Vibrio is a genus of Gram-negative bacteria, possessing a curved-rod (comma) shape, several species of which can cause foodborne infection, usually associated with eating undercooked seafood. Being highly salt tolerant and unable to survive in fresh water, Vibrio spp. are commonly found in various salt water environments. Vibrio spp. are facultative anaerobes that test positive for oxidase and do not form spores. All members of the genus are motile. They are able to have polar or lateral flagellum with or without sheaths. Vibrio species typically possess two chromosomes, which is unusual for bacteria. Each chromosome has a distinct and independent origin of replication, and are conserved together over time in the genus. Recent phylogenies have been constructed based on a suite of genes (multilocus sequence analysis).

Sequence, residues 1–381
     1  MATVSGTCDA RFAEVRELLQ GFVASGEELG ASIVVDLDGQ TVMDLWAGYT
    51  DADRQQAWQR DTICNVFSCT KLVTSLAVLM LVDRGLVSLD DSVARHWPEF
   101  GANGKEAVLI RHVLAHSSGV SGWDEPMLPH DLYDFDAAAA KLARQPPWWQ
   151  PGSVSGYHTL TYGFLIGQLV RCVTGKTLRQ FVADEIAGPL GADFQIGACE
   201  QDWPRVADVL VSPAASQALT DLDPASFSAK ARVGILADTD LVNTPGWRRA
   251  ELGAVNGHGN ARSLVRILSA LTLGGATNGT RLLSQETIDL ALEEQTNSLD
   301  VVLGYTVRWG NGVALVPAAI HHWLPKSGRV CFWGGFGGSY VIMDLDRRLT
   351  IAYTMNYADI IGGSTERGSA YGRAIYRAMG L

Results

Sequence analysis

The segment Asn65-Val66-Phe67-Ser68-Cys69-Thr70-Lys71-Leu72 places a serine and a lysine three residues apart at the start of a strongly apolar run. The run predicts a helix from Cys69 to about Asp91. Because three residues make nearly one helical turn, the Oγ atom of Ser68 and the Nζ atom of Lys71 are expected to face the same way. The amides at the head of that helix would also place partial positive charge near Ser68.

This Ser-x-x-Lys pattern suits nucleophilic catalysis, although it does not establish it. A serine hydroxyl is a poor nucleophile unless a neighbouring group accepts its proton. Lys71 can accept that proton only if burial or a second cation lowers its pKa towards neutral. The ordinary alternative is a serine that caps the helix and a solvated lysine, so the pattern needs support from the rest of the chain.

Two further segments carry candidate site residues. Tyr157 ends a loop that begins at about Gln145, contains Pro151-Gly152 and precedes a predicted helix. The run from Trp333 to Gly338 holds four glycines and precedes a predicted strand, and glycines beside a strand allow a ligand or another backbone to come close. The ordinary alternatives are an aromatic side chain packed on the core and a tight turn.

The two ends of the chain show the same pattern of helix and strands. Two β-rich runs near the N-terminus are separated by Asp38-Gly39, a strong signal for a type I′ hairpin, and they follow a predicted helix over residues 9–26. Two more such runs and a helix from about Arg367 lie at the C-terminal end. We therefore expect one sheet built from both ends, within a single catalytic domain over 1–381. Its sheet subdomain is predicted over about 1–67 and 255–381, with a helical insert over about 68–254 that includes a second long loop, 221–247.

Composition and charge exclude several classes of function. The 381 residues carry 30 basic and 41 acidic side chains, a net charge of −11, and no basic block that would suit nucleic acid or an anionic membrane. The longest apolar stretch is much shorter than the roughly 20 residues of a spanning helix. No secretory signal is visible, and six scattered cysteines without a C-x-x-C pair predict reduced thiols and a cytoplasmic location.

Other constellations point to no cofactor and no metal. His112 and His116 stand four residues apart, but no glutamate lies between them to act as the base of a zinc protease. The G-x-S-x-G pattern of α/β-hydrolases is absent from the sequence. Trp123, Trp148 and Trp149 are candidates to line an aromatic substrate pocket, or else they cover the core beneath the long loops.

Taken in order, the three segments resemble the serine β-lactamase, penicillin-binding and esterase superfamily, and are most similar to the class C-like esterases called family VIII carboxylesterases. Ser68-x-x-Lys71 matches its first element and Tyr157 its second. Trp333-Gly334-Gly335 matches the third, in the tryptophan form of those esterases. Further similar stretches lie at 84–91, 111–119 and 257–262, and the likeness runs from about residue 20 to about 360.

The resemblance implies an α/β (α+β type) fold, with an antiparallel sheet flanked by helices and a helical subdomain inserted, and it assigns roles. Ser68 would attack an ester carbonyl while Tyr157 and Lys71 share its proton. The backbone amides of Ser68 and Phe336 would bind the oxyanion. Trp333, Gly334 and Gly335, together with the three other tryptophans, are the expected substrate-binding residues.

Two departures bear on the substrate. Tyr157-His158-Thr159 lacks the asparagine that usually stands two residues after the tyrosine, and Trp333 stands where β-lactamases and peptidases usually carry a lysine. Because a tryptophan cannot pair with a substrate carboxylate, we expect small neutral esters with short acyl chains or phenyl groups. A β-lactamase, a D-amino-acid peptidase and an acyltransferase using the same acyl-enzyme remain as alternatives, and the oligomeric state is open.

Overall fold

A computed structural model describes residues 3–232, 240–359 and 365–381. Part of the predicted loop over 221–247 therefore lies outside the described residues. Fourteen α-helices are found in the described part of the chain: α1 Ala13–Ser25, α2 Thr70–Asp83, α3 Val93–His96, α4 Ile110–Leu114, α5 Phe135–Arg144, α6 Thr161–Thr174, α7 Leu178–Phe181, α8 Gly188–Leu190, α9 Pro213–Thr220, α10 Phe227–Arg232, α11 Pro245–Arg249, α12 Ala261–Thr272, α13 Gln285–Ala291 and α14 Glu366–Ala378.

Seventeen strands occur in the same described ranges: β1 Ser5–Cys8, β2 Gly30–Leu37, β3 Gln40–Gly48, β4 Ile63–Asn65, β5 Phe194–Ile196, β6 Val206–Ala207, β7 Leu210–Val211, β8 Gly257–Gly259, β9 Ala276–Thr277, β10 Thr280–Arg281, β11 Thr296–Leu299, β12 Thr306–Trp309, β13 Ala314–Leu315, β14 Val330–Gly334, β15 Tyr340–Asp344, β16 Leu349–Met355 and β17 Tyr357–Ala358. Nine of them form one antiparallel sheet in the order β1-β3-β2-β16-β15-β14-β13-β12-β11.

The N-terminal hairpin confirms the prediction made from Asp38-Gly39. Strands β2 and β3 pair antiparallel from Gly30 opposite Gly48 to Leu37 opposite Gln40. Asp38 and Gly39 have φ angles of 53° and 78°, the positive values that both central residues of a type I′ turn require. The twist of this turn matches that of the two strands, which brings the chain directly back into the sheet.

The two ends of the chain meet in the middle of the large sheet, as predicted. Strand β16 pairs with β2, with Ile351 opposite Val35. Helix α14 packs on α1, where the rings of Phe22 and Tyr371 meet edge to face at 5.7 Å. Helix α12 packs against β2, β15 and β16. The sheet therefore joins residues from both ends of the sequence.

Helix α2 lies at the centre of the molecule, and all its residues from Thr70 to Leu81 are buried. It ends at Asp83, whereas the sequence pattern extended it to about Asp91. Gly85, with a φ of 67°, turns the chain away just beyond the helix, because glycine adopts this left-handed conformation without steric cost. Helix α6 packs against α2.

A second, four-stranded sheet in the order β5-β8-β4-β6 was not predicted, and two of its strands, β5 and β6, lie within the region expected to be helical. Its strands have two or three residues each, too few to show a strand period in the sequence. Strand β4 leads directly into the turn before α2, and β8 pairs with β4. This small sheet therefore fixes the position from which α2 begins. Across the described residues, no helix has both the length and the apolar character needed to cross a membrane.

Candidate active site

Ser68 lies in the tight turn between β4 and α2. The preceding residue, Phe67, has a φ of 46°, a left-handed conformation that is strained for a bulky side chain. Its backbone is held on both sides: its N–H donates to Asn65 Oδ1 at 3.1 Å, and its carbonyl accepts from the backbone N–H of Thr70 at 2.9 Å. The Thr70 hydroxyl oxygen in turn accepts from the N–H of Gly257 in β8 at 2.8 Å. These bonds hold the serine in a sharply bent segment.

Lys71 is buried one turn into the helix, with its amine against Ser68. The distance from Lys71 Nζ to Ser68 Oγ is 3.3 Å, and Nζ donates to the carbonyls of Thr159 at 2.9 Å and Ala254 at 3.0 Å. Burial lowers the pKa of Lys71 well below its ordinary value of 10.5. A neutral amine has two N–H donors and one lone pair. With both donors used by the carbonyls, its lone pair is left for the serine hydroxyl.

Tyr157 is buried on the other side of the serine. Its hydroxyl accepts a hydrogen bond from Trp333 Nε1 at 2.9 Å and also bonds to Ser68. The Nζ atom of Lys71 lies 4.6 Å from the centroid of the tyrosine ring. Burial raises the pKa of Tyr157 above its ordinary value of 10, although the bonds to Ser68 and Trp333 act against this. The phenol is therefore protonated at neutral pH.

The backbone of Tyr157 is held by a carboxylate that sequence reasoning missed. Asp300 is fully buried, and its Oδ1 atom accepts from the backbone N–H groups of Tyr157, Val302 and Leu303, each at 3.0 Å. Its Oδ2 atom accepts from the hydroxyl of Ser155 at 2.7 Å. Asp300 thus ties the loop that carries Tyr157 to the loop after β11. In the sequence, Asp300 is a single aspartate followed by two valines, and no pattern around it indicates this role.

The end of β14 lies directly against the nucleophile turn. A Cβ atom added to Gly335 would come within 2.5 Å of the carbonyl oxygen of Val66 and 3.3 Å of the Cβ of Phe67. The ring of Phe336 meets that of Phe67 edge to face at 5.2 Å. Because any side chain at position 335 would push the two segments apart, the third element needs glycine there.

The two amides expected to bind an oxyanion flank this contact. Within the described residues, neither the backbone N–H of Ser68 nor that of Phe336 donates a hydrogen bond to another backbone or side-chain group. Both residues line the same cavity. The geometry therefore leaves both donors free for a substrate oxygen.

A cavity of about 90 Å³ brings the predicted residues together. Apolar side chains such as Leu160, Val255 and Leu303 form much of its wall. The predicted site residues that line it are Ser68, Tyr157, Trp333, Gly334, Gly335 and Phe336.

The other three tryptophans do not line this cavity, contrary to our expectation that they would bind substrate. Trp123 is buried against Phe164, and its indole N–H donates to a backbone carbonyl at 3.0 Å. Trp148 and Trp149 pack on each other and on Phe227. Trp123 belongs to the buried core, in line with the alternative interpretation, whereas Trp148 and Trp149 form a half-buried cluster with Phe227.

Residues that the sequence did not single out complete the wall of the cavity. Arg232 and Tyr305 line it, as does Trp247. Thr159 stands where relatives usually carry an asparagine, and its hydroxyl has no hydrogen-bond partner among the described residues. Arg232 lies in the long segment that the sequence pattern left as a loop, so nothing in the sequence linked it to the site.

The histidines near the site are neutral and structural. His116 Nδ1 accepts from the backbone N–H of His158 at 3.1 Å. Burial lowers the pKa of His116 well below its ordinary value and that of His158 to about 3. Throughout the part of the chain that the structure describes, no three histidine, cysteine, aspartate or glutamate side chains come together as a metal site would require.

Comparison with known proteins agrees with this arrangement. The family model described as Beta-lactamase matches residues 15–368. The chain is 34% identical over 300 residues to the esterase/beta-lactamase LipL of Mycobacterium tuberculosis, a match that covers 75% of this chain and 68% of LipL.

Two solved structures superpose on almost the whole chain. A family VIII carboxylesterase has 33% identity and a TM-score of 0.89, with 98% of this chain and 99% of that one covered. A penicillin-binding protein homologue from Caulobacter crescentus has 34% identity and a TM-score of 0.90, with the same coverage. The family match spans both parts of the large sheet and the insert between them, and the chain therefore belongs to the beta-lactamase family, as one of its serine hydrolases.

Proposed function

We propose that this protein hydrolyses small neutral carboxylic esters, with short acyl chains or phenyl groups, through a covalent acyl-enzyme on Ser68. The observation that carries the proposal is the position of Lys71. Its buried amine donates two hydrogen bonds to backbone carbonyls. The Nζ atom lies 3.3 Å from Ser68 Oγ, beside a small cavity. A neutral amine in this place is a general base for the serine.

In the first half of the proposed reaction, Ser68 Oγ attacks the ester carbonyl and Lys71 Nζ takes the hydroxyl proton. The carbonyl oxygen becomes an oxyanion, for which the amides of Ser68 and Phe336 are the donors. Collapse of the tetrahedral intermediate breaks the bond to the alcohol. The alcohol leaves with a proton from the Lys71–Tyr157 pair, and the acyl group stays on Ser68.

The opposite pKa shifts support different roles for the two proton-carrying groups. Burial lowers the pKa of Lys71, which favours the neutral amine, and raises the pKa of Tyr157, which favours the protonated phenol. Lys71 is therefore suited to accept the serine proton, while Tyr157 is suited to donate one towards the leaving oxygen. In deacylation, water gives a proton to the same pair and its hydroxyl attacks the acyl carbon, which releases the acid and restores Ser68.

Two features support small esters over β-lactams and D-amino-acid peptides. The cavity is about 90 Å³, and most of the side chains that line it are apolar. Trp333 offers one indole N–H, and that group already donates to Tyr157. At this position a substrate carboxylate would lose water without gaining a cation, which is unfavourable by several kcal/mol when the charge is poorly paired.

O. F. Müller (1773, 1786) described eight species of the genus Vibrio (included in Infusoria), three of which were spirilliforms. Some of the other species are today assigned to eukaryote taxa, e.g., to the euglenoid Peranema or to the diatom Bacillaria. However, Vibrio Müller, 1773 became regarded as the name of a zoological genus, and the name of the bacterial genus became Vibrio Pacini, 1854. Filippo Pacini isolated micro-organisms he called "vibrions" from cholera patients in 1854, because of their motility. In Latin "vibrio" means "to quiver".